Training for emergencies: employees of Vüch AG during a target practice. They also guard those who are at risk in hospitals.
Thomas SchlittlerBusiness editor Sunday view
Schaffhausen is “just a city”, in which there is “instead of high society, just ladies”. Nevertheless, the singer-songwriter Dieter Wiesmann (1939-2015) praised the “munzig chliinii piece of the world” as a place “where it would be nice to loot”.
That was once. In the meantime, Schaffhausen seems to have turned into a cesspool of sin: a year ago, some of the 37,000 residents mobilized on the banks of the Rhine against noise, rubbish and drugs. In a petition, they called for the “enforcement of the police ordinance” and “enough personnel” for regular patrols.
The city council expressed understanding for the displeasure, but stated that permanent police presence was not possible “because of the personnel situation”. In order to ensure “prevention and repression” nonetheless, a private security company was presented as an alternative.
Monopoly on the use of force: a matter for the state
So it happened that from May to September 2022, Delta Security AG ensured law and order. And because their employees met with a “high level of acceptance”, the city council decided at the end of December to continue to rely on their services in the future.
Schaffhausen is located “äänen am Rhii”, but in this respect it is typical for the whole of Switzerland: Whether Arlesheim in the Basel area, Brugg in Aargau, Landquart in Bündnerland, Oetwil on Lake Zurich or Thun, the gateway to the Bernese Oberland – everywhere in the last Police tasks outsourced to Securitys for years.
Johanna Bundi Ryser, President of the Association of Swiss Police Officers, sees this with concern: “It is not the job of private companies to take on police duties on public land.” The monopoly on the use of force is a matter for the state and must remain so – especially since it can also be exercised by police security assistants.
Which tasks private security guards take on varies from place to place. In addition to patrols, they are also used in the event of littering or dog tag violations or record personal details. In some congregations, reprimands or penances may be given based on their reports. Security guards are often sent out at night, for example when there are calls about noise pollution. However, the municipalities and cantons responsible do not see any threat to the monopoly on the use of force. Like a mantra, they emphasize that the powers of the private sector are clearly defined and severely restricted.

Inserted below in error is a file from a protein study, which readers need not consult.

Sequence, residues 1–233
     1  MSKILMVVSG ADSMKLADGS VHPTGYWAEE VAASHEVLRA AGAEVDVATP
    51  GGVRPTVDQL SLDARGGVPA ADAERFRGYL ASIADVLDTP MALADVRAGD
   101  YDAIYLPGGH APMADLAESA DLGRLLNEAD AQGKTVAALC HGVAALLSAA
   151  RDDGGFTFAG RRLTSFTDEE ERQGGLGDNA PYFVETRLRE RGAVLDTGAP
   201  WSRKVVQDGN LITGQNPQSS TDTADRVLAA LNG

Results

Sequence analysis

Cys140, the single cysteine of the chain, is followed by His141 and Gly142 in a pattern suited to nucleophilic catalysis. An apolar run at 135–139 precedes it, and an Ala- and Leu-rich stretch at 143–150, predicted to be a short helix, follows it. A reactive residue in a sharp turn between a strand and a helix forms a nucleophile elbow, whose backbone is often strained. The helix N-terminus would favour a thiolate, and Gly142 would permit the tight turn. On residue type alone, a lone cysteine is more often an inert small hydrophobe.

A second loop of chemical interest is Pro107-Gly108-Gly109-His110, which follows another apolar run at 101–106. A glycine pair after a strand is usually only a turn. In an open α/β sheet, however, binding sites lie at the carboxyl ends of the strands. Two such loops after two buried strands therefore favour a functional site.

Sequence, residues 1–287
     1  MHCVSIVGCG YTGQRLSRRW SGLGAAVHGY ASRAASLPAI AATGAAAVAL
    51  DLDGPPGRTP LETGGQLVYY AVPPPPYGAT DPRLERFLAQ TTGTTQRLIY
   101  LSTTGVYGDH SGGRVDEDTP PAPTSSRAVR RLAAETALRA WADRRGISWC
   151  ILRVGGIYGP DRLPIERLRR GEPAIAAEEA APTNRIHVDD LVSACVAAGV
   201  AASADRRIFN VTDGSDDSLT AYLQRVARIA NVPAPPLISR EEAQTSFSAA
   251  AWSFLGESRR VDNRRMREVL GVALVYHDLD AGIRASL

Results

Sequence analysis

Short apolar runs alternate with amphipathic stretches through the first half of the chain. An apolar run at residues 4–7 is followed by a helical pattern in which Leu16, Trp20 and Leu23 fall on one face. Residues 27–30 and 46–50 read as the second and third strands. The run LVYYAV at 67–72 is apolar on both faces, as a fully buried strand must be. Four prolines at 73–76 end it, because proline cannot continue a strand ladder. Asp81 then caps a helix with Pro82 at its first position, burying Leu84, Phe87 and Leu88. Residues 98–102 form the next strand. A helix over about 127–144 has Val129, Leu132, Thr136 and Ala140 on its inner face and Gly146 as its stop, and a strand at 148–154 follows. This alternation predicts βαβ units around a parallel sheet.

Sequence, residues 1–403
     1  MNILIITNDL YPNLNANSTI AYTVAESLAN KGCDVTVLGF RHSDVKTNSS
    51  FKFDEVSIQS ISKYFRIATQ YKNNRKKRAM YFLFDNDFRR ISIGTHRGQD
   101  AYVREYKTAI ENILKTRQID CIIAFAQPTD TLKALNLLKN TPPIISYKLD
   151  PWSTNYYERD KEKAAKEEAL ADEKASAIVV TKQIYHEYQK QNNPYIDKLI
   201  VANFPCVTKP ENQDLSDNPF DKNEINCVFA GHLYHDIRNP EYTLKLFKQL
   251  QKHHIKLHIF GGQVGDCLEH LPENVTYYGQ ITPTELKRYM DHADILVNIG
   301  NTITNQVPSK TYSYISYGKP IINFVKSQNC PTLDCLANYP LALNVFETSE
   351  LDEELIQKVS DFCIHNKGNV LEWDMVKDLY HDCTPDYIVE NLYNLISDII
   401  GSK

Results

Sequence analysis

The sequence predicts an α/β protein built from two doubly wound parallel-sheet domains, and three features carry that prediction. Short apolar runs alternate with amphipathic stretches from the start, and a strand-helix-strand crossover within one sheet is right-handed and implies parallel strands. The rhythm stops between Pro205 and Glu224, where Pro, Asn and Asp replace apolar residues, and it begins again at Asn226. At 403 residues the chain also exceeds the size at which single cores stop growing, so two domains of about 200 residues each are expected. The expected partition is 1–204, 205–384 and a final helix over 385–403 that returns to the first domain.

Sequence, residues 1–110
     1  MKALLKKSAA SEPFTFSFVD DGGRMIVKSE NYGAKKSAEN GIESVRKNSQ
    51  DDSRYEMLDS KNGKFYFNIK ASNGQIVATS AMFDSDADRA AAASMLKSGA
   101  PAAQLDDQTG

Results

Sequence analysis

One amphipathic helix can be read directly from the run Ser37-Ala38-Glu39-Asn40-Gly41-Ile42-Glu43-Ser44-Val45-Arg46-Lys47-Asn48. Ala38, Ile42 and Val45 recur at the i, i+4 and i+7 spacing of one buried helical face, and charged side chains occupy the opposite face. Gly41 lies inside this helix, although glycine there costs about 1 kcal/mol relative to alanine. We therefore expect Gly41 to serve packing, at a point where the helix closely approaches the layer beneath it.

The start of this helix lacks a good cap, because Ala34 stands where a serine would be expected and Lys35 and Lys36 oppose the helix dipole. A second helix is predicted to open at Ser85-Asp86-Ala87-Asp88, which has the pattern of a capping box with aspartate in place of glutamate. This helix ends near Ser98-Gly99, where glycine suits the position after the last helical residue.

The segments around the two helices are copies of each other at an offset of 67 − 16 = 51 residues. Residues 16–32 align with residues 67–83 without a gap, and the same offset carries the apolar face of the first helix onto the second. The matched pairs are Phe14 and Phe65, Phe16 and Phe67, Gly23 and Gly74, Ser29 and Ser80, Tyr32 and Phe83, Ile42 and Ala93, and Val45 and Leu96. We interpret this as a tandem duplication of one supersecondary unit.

Jürg Marcel Tiefenthal (50), lawyer and expert on Swiss police law, sees things differently. In an essay on the “Challenges of Swiss federalism”, he comes to the conclusion that cantonal solutions for the use of private security forces have turned out to be “weak attempts at regulation” that are easy to circumvent in practice.
Tiefenthal explains that such outsourcing is increasing and to an increasing extent with the lack of resources of the police corps. This is shown by the fact that there are now more private security guards than police officers in Switzerland.
Security decides how prisoners are handled
In the meantime, the security officers have long since acted not only as an extension of the police force on the street, but also in the cantonal penal system. In recent months, they have awarded several major contracts, which raises the question of whether the state’s monopoly on the use of force will be preserved.
In Bern, for example, detainees who have to be brought before the public prosecutor or the court have been accompanied by Securitas AG employees since August 2022. They were given the job by the cantonal police to lead inmates to their cells, to guard them, to look after them and to make them available for the respective handovers.